Bird-Nesting, A True Story: For Young People

Little Harry went peeping the hedges along,
        For dearly he lov’d a bird’s nest;
He soon found a linnet’s the green leaves among,
        Then a wren’s with the gold-tufted crest.

And next a fine thrush’s, the lining was clay,
        All smooth as a cottager’s floor;
Then a sparrow’s, a robin’s, a chaffinch’s gay–
        He was never so happy before.

Six nests, and such nice ones, how lucky was he!
        He knew not which most to admire;
Some had eggs, some had birds, but to watch them and see
        How they grew, was his only desire.

For mama had oft told him ’twas cruel to take
        Either young ones or eggs from the nest;
That the mother, if frighten’d, her brood would forsake,
        And she knew how to manage them best.

So to visit his treasures tho’ often he went,
        ’Twas but to strew crumbs on the ground,
And to peep at them softly, well pleas’d and content
        To find them all there, safe and sound.

Soon, thanks to his caution, the parents, less shy,
        Would sit still when he came for a space;
Or if they flew off, they but hover’d hard by,
        And the young they look’d up in his face.

They would open their bills, stretch their necks up, and seem
        As if begging he’d feed them, and he
Began thinking mamma was mistaken, and deem
        That frighten’d they never could be!

And wishing, oh! ardently wishing he durst
        Take but one darling bird, one alone;
He was sure ’twould be happy, and carefully nurst;
        It was hard that he could not have one.

With these thoughts in full tide, he was loit’ring alone,
        Near the hedge, when a visitor came,
Who talk’d of bird-nesting, as many have done,
        Without the least mention of blame.

He chatted so freely of tame birds and wild,
        Of the ways to ensnare them and win,
Soon Harry perceiv’d (more than half reconciled)
        That this gentleman thought it no sin.

‘But is it not cruel, sir?’ ‘Nay, but why so?
        If you tend your young nurslings with care,
Quite tame in a cage and familiar they’ll grow,
        And as happy as birds in the air.’

‘But I have not a cage,’ replied Harry. ‘Why then,
        In a box you may cradle them well,
Till their feathers are grown; but the carpenter’s Ben
        Has cages in plenty to sell.’

Good advices, too oft, like free’d birds wing away
        Out of sight when the tempter’s voice comes,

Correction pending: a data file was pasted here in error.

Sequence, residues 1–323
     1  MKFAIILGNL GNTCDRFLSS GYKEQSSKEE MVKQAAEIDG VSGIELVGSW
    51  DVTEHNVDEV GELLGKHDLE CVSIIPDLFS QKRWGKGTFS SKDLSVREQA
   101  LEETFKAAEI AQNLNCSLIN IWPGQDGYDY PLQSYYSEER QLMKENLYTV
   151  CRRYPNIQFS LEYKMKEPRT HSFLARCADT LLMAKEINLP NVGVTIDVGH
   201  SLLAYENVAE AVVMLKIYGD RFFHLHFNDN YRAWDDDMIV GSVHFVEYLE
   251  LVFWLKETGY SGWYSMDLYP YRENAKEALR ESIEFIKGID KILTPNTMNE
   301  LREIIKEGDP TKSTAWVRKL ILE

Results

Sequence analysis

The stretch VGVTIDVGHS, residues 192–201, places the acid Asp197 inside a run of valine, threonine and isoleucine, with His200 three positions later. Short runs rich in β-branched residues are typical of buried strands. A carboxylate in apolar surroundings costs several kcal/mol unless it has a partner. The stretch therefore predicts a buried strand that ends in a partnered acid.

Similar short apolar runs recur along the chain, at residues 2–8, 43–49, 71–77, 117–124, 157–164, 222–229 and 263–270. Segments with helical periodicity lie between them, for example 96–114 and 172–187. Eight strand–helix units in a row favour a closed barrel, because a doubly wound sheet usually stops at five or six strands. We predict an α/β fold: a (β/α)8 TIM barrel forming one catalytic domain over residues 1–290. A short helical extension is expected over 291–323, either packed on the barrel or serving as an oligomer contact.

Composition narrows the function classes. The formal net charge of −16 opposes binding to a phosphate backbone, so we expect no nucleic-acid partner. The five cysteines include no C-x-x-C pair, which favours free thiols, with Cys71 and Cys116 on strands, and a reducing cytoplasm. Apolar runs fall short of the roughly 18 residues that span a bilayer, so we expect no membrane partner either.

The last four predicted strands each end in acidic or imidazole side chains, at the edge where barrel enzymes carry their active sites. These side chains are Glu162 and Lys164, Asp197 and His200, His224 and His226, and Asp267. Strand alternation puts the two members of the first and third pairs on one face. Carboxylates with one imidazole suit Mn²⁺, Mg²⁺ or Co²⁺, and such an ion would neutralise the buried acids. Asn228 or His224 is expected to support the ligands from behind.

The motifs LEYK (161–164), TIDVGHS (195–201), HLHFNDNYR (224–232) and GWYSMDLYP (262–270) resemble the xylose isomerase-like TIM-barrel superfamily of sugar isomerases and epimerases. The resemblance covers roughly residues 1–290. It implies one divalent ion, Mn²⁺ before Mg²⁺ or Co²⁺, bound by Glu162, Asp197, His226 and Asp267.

But evil suggestions, I’m sorry to say,
        Boys pounce on, like sparrows on crumbs.

And mamma was forgotten; she, hidden from view,
        Had o’erheard the temptation assail,
And she feared for her Harry, yet trusted him too;
        And now comes the grief of my tale.

The very next morn the chaffinch’s nest
        Was empty and desolate found,
And loud was the wail of the parents’ distress,
        As they flitted distractedly round.

And Harry was missing, and none could tell where;
        He was search’d for in chamber and hall,
And then in the garret; and lo! he was there,
        But weeping he answered the call.

The poor little birds, he had brought them at night,
        He had foolishly hid them in bed,
And returning at morning, with grief and affright,
        He found every one dying or dead.

His fault, his mistake, rushed in pangs on his mind,
        He was weeping with deepest regret;
There was no need to scold had mamma been inclin’d–
        ’Twas a lesson he ne’er could forget.

But the penitent Harry, as fearing he might,
        And eager his fault to atone,
Now thought of a method to keep it in sight,
        Some may laugh at, but I am not one.

He begg’d dear mamma would allow him to keep
        In his pocket one dear little bird,
As a daily memorial lest prudence should sleep,
        And future wrong wishes be stirr’d.

She kiss’d him, well pleas’d with the innocent thought,
        But that this could not be, she explain’d;
And ‘ ’tis not by sights resolution is wrought,
        But by principles, inly maintain’d.’

‘And what then are principles?’ Harry pursued,
        ‘For I’m sure I would gladly obey;’
‘They are rules to be follow’d, which, known to be good,
        We let nobody talk them away.’

Source: Chambers Edinburgh Journal 2.268 (18 March 1837): 64.
(Available in ProQuest database)

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